Australian equities appear to have fallen out of favor with investors, with the country's stock market falling almost 7 percent since mid-May, wiping out a sizable portion of the year's gains.
With the country's economy looking increasingly fragile, given the slowdown in both the mining and consumer sectors, is the market in for heavier losses in the new month?
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"Winter is here [in Australia] and we are asking the question, will it be a winter wonderland for the ASX [S&P/ASX 200] or a winter north of the wall? We think it will be a winter wonderland," wrote Evan Lucas, market strategist at trading firm IG Markets on Monday. 'North of the wall,' a reference to the popular U.S. television show 'Game of Thrones,' is an area known for its harsh and bitter climate.
A combination of China's better-than-expected official purchasing managers index (PMI) reading for May and supportive credit conditions in the world's second largest economy – which is Australia's top trading partner – will be positive for resource stocks, he noted.
China's official PMI rose to 50.8 in May from 50.6 in April, outpacing market expectations and raising optimism that the economy may be stabilizing. However, the HSBC PMI released on Monday showed a reading which was the worst since October last year.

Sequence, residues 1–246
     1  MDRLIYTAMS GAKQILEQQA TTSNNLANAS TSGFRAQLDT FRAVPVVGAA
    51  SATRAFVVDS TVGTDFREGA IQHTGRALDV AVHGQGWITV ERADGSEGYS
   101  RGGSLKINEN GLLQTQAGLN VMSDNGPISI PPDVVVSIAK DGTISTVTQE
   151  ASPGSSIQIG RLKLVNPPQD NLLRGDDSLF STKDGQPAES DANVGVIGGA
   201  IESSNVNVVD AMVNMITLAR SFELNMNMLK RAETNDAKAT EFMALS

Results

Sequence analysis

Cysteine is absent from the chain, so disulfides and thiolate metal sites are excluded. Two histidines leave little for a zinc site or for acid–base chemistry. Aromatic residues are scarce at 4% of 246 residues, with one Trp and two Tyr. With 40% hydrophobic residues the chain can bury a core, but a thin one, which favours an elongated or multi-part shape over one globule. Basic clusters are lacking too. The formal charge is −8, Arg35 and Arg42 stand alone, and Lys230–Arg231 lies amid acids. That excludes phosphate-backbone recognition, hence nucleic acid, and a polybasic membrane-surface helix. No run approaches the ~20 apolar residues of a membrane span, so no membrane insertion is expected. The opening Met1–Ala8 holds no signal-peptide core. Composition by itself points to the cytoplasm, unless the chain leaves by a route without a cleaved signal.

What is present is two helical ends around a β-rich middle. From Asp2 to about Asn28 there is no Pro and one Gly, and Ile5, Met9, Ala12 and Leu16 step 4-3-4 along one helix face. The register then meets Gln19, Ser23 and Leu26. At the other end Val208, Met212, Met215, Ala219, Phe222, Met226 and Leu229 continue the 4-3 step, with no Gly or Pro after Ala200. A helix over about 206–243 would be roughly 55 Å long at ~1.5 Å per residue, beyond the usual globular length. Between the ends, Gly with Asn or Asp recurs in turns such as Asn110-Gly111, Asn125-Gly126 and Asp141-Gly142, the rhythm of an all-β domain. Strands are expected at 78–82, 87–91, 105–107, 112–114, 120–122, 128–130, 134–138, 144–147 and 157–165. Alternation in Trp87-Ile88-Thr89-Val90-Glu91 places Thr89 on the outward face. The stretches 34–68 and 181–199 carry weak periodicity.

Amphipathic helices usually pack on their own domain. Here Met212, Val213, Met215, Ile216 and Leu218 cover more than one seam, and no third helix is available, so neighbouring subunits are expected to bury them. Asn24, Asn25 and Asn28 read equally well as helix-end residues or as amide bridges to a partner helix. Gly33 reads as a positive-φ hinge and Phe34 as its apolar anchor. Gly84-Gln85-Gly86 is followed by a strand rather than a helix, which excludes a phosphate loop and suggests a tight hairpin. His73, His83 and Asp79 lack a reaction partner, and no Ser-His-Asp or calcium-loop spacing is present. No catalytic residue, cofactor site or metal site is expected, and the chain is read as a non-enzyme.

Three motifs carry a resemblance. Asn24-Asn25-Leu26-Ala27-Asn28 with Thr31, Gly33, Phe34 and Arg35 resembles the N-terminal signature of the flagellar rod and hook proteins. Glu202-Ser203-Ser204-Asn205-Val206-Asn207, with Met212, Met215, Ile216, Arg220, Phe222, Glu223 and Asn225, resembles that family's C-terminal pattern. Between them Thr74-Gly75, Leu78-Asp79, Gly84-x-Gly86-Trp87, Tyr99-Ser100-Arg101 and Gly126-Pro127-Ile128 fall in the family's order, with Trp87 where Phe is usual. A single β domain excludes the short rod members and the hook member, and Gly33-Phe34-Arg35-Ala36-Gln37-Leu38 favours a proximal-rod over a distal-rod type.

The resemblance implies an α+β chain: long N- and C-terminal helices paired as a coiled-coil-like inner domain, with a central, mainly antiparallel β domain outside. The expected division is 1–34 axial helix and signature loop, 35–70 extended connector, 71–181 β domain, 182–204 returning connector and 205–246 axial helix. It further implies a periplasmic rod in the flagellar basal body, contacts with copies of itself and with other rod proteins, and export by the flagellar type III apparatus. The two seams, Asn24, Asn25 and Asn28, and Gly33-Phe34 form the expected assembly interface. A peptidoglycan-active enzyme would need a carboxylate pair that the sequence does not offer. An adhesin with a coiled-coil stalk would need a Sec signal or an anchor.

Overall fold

"The advantages for the ASX is that credit in China is still supportive, as is housing growth. The inventory cycle and the over-supply we have seen is also coming to an end as China holds firm," Lucas added.
Total Chinese social financing, a broad measure of credit, grew 58.2 percent in the first quarter, compared to the same period a year earlier.
Last week, U.S. investment bank Goldman Sachs recommended investors rotate out of Australian banks into resources on the back of weakness in the Australian dollar and improving global growth.
Later Monday, the Reserve Bank of Australia is due to release its monthly index of export prices of commodities for the month of May, which will serve as an indicator for how the sector is faring, he noted.
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Commodity prices play a key role in Australia's economy, which has seen resources-led growth over the past several years.
"If we see moderate growth it will add support to the idea that second-half earnings could meet expectations and see the ASX having a winter to remember," he said.
Sell-off in Defensive Stocks Overdone?
The recent sell-off has been led by defensive stocks including high dividend paying banking and telco plays that have powered the uptrend in the benchmark S&P/ASX 200 in the recent months.
(Read More: Consumer Apathy: Next Threat to Australian Economy?)
Telstra, for example, has declined 8 percent in the past two weeks, while National Australia Bank has fallen 11 percent over the same period.
Lucas, however, believes banks may now be viewed as a buying opportunity, adding that volumes that have exited banks have come to a "point of exhaustion."
"There is plenty of investors that have been looking for 'cheap' points of entry for 12 months as the banks ran away from them. This pull-back will see a lot of retail investors jumping in, chasing the earning streams on offer from the banks," he said.